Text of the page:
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The Doors - The Doors CD (album) cover

THE DOORS

The Doors

 

Proto-Prog

4.33 | 708 ratings

From Progarchives.com, the ultimate progressive rock music website

Rune2000
Special Collaborator
Prog Metal Team
4 stars I've always considered this debut album to rely much too heavily on its hits which in this case is quite acceptable since those compositions take up more than half of the album!

It's amusing how well the band managed to fuse together some of their best and worst sides on one and single release. It's even more amusing considering that it's the debut album which usually is the recording that is either one or the other. There are quite a few instances where I just want to say that this is what the '60s were all about, but then the next track makes me rethink that statement completely. So the summery here is that the Doors made a realistic statement of how the U.S. West Coast-music scene looked like at the time, hence a great product of its time.

The album begins with a given opener in the shape of Break On Through (To the Other Side) which needs no introduction since it's probably one of the top three most recognized the Doors songs. Soul Kitchen and Crystal Ship manage to hold me over for the next highlight since neither of these performances can't match the classic status the other great compositions featured here. Alabama Song (Whisky Bar) is one of the few covers on this album and I just can't see how the source material could have received an even better treatment. David Bowie definitely gave it his best almost a decade later but this version is far more superior in every category.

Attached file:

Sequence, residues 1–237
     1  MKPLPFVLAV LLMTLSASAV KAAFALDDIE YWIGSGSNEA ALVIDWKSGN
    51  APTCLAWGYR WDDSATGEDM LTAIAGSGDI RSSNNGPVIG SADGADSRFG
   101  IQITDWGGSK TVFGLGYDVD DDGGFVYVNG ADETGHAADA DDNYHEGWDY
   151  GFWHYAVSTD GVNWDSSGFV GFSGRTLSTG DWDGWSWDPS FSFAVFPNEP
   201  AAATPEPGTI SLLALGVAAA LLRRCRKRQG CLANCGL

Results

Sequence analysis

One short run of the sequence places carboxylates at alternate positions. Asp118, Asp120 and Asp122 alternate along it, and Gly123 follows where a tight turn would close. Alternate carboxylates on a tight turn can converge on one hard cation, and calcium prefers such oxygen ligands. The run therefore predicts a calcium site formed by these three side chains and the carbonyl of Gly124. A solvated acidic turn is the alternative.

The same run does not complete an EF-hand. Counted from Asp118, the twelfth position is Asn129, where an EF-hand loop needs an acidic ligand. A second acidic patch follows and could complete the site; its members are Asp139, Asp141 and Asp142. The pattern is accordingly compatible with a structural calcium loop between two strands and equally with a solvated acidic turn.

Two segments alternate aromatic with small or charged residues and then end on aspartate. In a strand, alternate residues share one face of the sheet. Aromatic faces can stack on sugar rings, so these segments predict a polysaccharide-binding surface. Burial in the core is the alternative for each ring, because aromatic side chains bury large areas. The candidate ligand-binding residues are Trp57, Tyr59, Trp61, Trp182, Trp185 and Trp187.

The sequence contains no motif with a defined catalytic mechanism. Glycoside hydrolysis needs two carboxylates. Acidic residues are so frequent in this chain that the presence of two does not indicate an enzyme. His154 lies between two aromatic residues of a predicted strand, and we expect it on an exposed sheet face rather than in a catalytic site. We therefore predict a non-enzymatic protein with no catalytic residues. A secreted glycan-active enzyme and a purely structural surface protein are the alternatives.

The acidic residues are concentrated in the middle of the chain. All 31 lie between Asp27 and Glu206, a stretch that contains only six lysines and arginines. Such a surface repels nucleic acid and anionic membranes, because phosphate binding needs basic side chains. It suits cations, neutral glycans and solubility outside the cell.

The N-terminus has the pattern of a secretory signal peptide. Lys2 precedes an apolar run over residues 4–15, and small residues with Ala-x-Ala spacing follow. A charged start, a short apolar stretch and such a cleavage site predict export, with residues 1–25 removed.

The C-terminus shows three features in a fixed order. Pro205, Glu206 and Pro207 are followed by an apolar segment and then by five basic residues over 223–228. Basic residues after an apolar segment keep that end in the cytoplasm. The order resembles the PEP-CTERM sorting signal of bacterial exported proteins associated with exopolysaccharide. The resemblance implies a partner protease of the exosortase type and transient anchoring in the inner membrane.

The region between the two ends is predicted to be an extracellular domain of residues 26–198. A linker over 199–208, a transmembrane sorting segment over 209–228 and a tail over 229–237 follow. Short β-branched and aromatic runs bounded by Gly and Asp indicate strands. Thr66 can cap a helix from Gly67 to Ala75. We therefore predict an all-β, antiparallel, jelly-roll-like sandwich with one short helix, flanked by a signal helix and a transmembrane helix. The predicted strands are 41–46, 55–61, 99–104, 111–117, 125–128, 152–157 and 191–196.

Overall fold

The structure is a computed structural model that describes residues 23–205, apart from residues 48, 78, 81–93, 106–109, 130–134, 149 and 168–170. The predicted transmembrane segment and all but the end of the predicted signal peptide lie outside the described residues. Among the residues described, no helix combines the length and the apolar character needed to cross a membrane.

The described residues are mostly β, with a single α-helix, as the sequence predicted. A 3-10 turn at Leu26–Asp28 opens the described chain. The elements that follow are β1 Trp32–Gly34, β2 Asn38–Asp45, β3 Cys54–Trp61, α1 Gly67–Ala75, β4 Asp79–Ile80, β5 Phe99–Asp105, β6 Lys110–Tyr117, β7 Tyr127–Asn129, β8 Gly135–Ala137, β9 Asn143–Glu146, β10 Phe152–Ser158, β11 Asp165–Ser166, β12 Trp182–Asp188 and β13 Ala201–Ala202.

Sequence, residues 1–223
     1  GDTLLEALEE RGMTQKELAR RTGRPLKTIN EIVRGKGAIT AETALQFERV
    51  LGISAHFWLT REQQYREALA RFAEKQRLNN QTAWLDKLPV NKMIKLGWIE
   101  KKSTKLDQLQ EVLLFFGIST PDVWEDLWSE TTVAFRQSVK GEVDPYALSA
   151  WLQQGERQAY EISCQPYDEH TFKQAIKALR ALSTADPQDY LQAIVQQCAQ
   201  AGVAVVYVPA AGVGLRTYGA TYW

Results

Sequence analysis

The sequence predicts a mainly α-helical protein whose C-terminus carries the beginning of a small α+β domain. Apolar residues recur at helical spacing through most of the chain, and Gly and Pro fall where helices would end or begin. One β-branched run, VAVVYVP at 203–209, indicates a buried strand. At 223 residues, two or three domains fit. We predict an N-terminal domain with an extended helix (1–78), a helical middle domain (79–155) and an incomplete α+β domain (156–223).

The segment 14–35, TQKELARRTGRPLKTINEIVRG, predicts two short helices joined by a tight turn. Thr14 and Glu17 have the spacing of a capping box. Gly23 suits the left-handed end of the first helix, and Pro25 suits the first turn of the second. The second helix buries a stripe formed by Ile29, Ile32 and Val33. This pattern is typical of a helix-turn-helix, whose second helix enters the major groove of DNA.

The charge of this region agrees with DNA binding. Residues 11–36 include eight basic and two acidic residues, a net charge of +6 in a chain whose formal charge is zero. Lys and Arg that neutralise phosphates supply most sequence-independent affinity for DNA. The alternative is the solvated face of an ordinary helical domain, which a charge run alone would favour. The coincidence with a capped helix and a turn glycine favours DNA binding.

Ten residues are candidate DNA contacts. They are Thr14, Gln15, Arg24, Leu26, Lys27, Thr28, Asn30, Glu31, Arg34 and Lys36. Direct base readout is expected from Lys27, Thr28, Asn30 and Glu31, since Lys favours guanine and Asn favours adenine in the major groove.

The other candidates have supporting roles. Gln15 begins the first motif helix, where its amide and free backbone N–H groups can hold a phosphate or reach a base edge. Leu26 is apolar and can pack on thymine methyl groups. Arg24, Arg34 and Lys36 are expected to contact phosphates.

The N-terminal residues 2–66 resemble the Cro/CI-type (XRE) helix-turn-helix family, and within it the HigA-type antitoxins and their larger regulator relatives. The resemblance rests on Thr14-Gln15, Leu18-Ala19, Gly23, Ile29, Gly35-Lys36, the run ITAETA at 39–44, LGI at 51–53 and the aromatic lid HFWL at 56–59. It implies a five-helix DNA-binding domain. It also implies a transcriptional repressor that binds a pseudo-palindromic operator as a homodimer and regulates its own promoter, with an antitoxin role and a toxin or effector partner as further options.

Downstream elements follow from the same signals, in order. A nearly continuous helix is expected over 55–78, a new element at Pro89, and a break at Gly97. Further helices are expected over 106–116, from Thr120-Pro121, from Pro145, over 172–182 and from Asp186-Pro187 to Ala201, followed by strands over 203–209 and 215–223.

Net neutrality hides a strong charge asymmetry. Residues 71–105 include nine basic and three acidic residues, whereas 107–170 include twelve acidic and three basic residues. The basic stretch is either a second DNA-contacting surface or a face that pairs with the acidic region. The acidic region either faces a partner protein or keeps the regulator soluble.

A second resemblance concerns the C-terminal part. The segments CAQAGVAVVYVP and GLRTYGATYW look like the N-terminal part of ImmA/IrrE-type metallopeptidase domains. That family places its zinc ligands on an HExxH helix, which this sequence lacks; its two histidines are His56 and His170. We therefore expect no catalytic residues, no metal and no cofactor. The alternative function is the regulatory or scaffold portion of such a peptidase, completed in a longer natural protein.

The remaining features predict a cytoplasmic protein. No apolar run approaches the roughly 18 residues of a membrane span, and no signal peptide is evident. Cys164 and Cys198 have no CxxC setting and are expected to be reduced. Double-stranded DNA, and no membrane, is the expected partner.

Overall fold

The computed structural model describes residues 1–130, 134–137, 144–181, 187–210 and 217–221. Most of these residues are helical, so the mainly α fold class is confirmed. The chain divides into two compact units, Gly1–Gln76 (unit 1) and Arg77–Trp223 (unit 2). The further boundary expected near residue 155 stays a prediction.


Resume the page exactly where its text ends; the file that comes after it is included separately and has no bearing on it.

Surprisingly enough I don't consider Light My Fire to be all that spectacular. Not that it's a inferior performance but I just don't like how it dives into a prolonged psychedelic territory which reminds me strongly of Iron Butterfly's In-A-Gadda-Da-Vida. The middle section of the tune is completely forgettable and I think that you can do yourself a great favor by skipping through to the last two minutes. This track is the case and point of the long introduction argument that I stated.

The End is a complete opposite of Light My Fire because it puts the emphasis on the atmospheric side of psychedelic music and wins over my sympathy at the first seconds of the performance. This is the sheer brilliance that could have made this album into a complete masterpiece and an essential album. Instead we have a mixed bag with enough memorable moments to keep me entertained which ultimately results in the excellent addition rating.

***** star songs: Break On Through (To the Other Side) (2:26) Alabama Song (Whisky Bar) (3:15) The End (11:40)

**** star songs: Soul Kitchen (3:31) Crystal Ship (2:33) Twentieth Century Fox (2:32) Light My Fire (6:58) I Looked At You (2:21) Take It As It Comes (2:15)

*** star songs: Back Door Man (3:32) End Of The Night (2:50)

Rune2000 | 4/5 |

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